Department of Biochemistry,
WTB/MSI complex,
DD1 5EH Dundee, Scotland UK

The School of Life Sciences at Dundee is a centre for research into biological phosphorylation. The ELM partner is Bill Hunter who applies X-ray crystallography to the study of enzymatic processes.

  • Scott Cameron
  • William Hunter
  • David Martin

CellZome GmbH

Meyerhofstrasse 1,
D-69117 Heidelberg, Germany

CellZome is a functional genomics company. Giulio Superti-Furga is the ELM partner whose research interests are in tyrosine phosphoylation.

  • Bernhard Kuester
  • Gulio Superti-Furga

BioInfoBank Institute

Biocomputing,
Limanowskiego 24A/16,
60-744 Poznan, Poland

The main expertise of the BioInfo.PL group, headed by Leszek Rychlewski, is the development of protein structure prediction methods. The group will be responsible for adding an experimental ab initio filter to the ELM pipeline.

  • Krzysztof Ginalski
  • Marcin Grotthuss, von
  • Andrzej Kierzek
  • Jakub Pas
  • Leszek Rychlewski
  • Lucjan Wyrwicz

Heidelberg University

69117 Heidelberg, Germany
  • Diana Born
  • Marcel Dammert
  • Sandra Diebel
  • Maria Hammer
  • Lisa Joedicke
  • Daniel Krueger
  • Christine Mäder
  • Sabina Merrill
  • Tobias Schmidt
  • Christian Schroeter
  • Lukas Welti

University of Edinburgh

School of Biological Sciences,
Mayfield Road,
EH9 3JR Edinburgh, United Kingdom
  • Andrew Chatr Aryamontri

University College

School of Medicine and Medical Science,,
Belfield,
4 Dublin, Ireland
  • Gleb Grebnev
  • Niall Haslam

University of Southampton

Centre for Biological Sciences,
Highfield Campus,
SO17 1BJ Southampton, United Kingdom
  • Rich Edwards

Paul Scherrer Institut

Biomolecular Research,
PSI,
CH-5232 Villigen, Switzerland
  • Michel Steinmetz

Friedrich-Alexander-Universität

Bioinformatik,
Fahrstraße 17,
91054 Erlangen-Nürnberg, Germany
  • Heike Meiselbach

M. Sklodowska-Curie Cancer Center and Institute of Oncology

Laboratory of Bioinformatics and Systems Biology,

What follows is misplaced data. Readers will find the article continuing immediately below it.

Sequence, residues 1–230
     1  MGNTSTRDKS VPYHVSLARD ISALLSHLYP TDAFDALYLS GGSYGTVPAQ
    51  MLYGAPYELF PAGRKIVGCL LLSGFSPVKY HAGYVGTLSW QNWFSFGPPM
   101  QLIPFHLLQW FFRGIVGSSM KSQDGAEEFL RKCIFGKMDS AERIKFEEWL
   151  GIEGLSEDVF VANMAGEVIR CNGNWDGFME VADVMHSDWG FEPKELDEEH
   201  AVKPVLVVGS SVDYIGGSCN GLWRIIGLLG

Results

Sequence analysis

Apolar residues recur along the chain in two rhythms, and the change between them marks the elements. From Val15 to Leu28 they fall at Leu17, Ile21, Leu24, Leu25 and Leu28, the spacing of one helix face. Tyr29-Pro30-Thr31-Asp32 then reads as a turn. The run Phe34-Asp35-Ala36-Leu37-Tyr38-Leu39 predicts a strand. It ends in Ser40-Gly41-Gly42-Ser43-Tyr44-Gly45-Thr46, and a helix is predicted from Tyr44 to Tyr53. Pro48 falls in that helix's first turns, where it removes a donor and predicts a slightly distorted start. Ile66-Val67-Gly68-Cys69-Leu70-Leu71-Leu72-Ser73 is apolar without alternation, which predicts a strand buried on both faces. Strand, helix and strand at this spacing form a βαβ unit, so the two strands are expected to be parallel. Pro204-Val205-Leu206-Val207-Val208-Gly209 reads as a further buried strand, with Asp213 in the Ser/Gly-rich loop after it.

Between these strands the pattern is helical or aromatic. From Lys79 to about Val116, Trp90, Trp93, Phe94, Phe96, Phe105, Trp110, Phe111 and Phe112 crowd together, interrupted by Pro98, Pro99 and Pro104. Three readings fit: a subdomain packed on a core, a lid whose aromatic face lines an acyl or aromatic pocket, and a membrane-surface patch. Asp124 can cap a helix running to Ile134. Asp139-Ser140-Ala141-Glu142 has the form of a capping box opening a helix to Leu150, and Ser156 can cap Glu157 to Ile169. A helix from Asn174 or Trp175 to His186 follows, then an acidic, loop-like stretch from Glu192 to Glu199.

WK Roentgena 5,
02-781 Warsaw, Poland
  • Magda Dymecka
  • Martha Kuban

Ecole supérieure de biotechnologie

Bld Sébastien Brandt,
67412 Illkirch, France
  • Gilles Travé

Universidad de Buenos Aires

Departamento de Química Biológica,
Pab II, 4th floor, Lab QB-9,
Buenos Aires, Argentina
  • Juliana Glavina

Is your Company interested in sponsoring ELM?

Our consortium has made ELM into the largest resource for functional sites in proteins. Yet there is much that we would like to do in the future to enhance the resource. In order to do so, we need new sources of funding and support. If possible, we would like to keep the ELM webserver and pipeline resources free for all users including in Industry but we do not know if we will be able to sustain this in future.

If your company finds ELM useful, you might wish to enter an industrial sponsorship with us, e.g. by funding one or more ELM developers. As well as helping to ensure that ELM is applied effectively by you in-house, ELM partners all have extensive bioinformatics knowledge and could, for example, offer more general consultancy and training to their sponsors. Furthermore, your company may influence the future path of development of the ELM resource towards functionalities that will be particularly useful for your company.

If you are interested, send direct enquiries to: Dr. Toby J. Gibson, EMBL, Heidelberg or to one of our academic partners in Bergen, Dundee, Rome or Poznan:

Bergen partner: Dr. Rein Aasland
Dundee partner: Dr. Bill Hunter
Rome partner: Dr. Manuela Helmer Citterich
Poznan partner: Dr. Leszek Rychlewski

Please cite: The Eukaryotic Linear Motif Resource ELM: 10 Years and Counting (PMID:24214962)

ELM data can be downloaded and distributed for non-commercial use according to the ELM Software License Agreement
feedback@elm.eu.org